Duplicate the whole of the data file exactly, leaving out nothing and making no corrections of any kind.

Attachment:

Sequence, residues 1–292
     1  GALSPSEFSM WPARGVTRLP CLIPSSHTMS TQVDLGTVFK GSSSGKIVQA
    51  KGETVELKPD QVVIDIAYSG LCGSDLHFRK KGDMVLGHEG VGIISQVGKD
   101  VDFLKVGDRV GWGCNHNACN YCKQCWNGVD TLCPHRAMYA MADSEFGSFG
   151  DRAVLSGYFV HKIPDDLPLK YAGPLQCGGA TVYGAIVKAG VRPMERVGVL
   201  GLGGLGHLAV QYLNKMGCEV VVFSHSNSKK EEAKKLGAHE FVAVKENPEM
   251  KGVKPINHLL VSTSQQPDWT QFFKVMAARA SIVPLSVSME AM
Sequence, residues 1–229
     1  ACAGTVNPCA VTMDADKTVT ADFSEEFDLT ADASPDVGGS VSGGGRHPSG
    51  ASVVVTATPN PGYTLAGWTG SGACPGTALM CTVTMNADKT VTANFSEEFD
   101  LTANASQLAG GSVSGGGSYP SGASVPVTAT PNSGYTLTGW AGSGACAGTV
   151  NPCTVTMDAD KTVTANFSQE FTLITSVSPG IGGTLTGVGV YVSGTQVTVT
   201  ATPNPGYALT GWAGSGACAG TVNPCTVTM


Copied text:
Sequence, residues 1–292
     1  GALSPSEFSM WPARGVTRLP CLIPSSHTMS TQVDLGTVFK GSSSGKIVQA
    51  KGETVELKPD QVVIDIAYSG LCGSDLHFRK KGDMVLGHEG VGIISQVGKD
   101  VDFLKVGDRV GWGCNHNACN YCKQCWNGVD TLCPHRAMYA MADSEFGSFG
   151  DRAVLSGYFV HKIPDDLPLK YAGPLQCGGA TVYGAIVKAG VRPMERVGVL
   201  GLGGLGHLAV QYLNKMGCEV VVFSHSNSKK EEAKKLGAHE FVAVKENPEM
   251  KGVKPINHLL VSTSQQPDWT QFFKVMAARA SIVPLSVSME AM
Sequence, residues 1–229
     1  ACAGTVNPCA VTMDADKTVT ADFSEEFDLT ADASPDVGGS VSGGGRHPSG
    51  ASVVVTATPN PGYTLAGWTG SGACPGTALM CTVTMNADKT VTANFSEEFD
   101  LTANASQLAG GSVSGGGSYP SGASVPVTAT PNSGYTLTGW AGSGACAGTV
   151  NPCTVTMDAD KTVTANFSQE FTLITSVSPG IGGTLTGVGV YVSGTQVTVT
   201  ATPNPGYALT GWAGSGACAG TVNPCTVTM